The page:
Alcatel-Lucent Bribery Scandal: The Ugly Face Of High-Profile Telecom Deals?

by Gaurav Kheterpal on January 5, 2011

Alcatel-Lucent is best known for its world-class telecom products and strategic relationships with some of the biggest wireless carriers all over the world. However, in the past few days, the French telecom giant has been in the news for all the wrong reasons. It has been under the legal scanner for allegedly bribing officials to secure contracts in several countries including Costa Rica, Honduras, Taiwan, Malaysia and Kenya.

Alcatel-Lucent is one of the most widely respected global brands in the telecom world and ranks as the biggest supplier of fixed-line phone networks in the world. Though the company has agreed to settle the criminal penalties ($92 million) and civil charges ($45 million), I’m sure that a tarnished image would hurt the company much more than a few million dollars spent here and there.

While I have no intentions to open the Pandora’s Box on the good, the bad and the ugly of telecom world, I’m deeply concerned by the aftermath of the Alcatel bribery scandal and it’s implications for the global telecom industry.

IMO, the bribery accusations against Alcatel-Lucent are significant for several reasons. First, it raises critical questions over the functioning of a global telecom giant as well as several governments across multiple continents. Secondly, it resurfaces the dubious role of alleged middle men and the so-called consultants and/or sub-contractors in high-profile telecom deals. Third, and it’s anybody’s guess, can such deals lead to networks or telecom infrastructure which adheres to the expected quality standards. I, for one, have my doubts about it.

The issue became even more concerning for Alcatel when the U.S. Securities and Exchange Commission and U.S. Justice Department made documents public last week alleging that French telecommunications company Alcatel-Lucent paid bribes to employees of Telekom Malaysia in exchange for nonpublic information. To make matters worse, Honduras said Wednesday it will reopen investigations into alleged bribery accusations against Alcatel-Lucent and seek settlement details from the U.S. Securities and Exchange Commission.

It was alleged that Alcatel-Lucent paid bribes to employees of Telekom Malaysia in exchange for nonpublic information. After these shocking revelations, Telekom Malaysia and Axiata Group have formed separate subcommittees to conduct internal investigations into alleged improper payments.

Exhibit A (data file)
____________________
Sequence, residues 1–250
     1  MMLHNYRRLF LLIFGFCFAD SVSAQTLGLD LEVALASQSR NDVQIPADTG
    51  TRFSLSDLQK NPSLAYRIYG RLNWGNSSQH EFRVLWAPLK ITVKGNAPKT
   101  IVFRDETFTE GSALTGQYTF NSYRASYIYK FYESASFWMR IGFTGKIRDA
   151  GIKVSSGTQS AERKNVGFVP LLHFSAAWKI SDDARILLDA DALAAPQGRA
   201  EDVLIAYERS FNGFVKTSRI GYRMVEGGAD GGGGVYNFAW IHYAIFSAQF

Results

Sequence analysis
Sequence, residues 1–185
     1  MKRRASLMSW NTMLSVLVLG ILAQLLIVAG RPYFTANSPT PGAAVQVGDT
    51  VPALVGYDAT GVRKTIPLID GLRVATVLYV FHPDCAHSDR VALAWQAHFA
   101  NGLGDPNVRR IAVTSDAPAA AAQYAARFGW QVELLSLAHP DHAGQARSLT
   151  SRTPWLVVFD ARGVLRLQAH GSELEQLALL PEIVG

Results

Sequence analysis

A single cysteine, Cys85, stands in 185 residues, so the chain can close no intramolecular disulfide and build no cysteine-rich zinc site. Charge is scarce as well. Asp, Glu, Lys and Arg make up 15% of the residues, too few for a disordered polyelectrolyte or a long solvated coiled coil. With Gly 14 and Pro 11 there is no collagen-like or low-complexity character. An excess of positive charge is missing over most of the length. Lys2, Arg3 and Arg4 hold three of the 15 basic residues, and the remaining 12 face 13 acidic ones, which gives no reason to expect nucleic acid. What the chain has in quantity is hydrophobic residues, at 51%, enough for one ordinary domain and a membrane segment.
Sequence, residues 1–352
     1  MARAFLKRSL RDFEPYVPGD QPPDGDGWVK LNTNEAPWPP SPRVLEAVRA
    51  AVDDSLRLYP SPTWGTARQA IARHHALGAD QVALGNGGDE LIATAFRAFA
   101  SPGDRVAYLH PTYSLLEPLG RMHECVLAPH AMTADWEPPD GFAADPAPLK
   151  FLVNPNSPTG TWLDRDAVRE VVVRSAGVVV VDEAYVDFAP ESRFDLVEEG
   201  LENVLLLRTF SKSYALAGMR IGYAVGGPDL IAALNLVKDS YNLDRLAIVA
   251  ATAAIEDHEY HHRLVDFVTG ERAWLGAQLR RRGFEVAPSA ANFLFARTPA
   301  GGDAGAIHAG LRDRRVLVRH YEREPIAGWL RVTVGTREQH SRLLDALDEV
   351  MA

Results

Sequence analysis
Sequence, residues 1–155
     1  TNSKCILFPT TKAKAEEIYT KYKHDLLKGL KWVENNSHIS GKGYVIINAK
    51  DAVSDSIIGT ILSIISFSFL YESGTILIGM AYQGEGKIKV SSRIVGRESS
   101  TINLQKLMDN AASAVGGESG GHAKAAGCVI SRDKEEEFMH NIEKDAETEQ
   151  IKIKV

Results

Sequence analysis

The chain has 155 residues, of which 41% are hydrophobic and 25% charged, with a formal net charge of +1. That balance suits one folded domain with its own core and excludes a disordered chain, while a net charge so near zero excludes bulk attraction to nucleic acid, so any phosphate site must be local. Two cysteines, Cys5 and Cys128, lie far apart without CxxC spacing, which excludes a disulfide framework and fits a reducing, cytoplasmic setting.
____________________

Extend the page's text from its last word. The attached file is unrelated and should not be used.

The Alcatel-Lucent bribery scandal has also led to turmoil in Australian telecom circles with Communications Minister Malcolm Turnbull summoning the National Broadband Network Company top management and asking them for “a detailed explanation”. It’s surely not a coincidence that in June, Alcatel-Lucent won a contract to supply NBN Co with up to $1.5 billion of optical and Ethernet aggregation equipment.

The story is no different in Kenya where the Communications Commission of Kenya has been defending itself over accusations that its officials received bribes from Alcatel-Lucent for the award of the country’s second mobile phone license to Kencell 10 years ago, and the purchase of telecommunications equipment.

Just to make myself clear, I’m not singling out Alcatel-Lucent as the “bad boys” of the telecom world. I well and truly believe that there are no saints in the business world and the telecom industry is no exception to that rule. I read this beautiful piece which I believe strongly echoes my thoughts on the Alcatel-Lucent bribery scandal. Surely, there are lessons to be learnt from this episode.

While telecom giants talk about the so-called zero-tolerance policy on bribery and corruption, it’s not a perfect world. Can there be any processes or regulations in place to avoid such situations? I, for one, am clueless. What about you? Please share your opinion by leaving a comment below this post.

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Written by: Gaurav Kheterpal. www.digitcom.ca >. Follow TheTelecomBlog.com > by: RSS>, Twitter >, Identi.ca >, or Friendfeed >

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